The CB money laundry racket will cease to be and then those computer digits sloshing around in the system will be as worthless as 0’s and 1’s in a broken old diskette.

  4. Harry McGibbs says:

    “Lose your job, lose your self? How unemployment hits men’s self-esteem.

    “In the heart of America’s oil country, suicide numbers are up as rigs close down. With a local industry in shambles, men are suffering in silence.”

    • There are also very depressed individuals, being propped up by family members. It is hard to fix the situation.

    • Slow Paul says:

      I’ve been there, it’s very tough to lose your job. What good are you then to your kids and your spouse? A colleague of mine lost her father to suicide in similar fashion. Lost his job as a truck driver, divorced and couldn’t provide for his children.

      And to make matters worse, suicidal thoughts are viewed by many as some sort of mental disease, when it basically is just a matter of poor survival prospects weighing down on ones shoulders.

      • hkeithhenson says:


        There is a field called evolutionary psychology EP makes the claim that behavior (such as capture-bonding or going to war) is the result of Darwinian selection. People who suicide are dead, which you would think has selected out their genes. But that’s not the entire story. Gene copies exist in relatives. (Look up Hamilton’s rule.) Going to war in the stone age was not far from suicide. It could have been that conditions back then improved the survival of suicide genes indirectly. Not saying this is why people (in some circumstances) commit suicide, but it’s the kind of thinking about psychological traits that EP suggests.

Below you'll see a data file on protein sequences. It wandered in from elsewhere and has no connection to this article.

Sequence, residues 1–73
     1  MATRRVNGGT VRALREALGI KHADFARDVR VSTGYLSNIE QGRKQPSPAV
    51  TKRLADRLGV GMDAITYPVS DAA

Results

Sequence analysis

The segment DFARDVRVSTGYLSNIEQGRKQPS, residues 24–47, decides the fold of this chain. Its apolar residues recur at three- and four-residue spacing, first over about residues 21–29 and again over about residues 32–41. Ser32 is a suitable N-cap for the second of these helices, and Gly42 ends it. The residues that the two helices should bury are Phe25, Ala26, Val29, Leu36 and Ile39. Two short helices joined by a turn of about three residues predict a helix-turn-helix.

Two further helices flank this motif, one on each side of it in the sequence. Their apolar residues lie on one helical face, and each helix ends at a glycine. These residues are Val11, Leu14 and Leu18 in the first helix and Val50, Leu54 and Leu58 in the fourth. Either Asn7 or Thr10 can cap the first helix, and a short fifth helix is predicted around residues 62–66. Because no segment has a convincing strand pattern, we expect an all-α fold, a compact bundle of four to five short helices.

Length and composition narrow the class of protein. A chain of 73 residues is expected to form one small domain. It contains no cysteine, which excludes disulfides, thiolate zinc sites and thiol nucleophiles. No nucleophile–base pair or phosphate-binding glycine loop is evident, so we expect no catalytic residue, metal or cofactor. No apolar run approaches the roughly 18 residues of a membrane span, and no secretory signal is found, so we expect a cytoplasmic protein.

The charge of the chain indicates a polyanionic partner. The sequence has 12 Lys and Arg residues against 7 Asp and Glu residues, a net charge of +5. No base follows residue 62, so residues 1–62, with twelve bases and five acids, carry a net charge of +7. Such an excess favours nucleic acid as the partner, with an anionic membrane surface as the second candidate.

• Robert Firth says:

          hkeith, that has a;so been observed in prey animals. An individual will sound a warning when a predator approaches, which saves the herd but is often a suicidal act. Likewise, stronger kin will defend weaker kin, allowing them to escape even at the cost of their own lives. And the Egyptians made Sekhmet also a goddess of war, because a lioness will give her life to defend her cubs.

          Is it all gene selection? I don’t think so. I think altruism arose independently, as a moral imperative, and it survived and flourished because it was, indeed, an instrument of kin survival.

  5. Yoshua says:

    Dr. Kit Green is employed by the DoD.

    US soldier that encounter and are exposed to the UFO phenomenon are actually dying.

    Dr. Kit Greer is saying that they die within 5-7 years after he receives them as patients.

    High ranking DoD personnel are now saying that “They are Walking Among US”.

    The abduction program was all about creating human looking hybrids that would colonize our world.

  6. Harry McGibbs says:

    “The ‘unseen’ recession threatening to grind down our [UK] economy.

    “The impact of Covid-19 on “intangibles” such as work relationships and networking could be its biggest legacy – unless workers adapt.”

  7. Harry McGibbs says:

    “The food, beverage and entertainment sectors are strongly pleading with the Government [Trinidad and Tobago] to have discussions with them to pave the way for a safe reopening, as the danger of a socio-economic collapse is looming larger than ever.”

  8. Harry McGibbs says:

    “Duque goes blank as Colombia’s economic crisis turns catastrophic: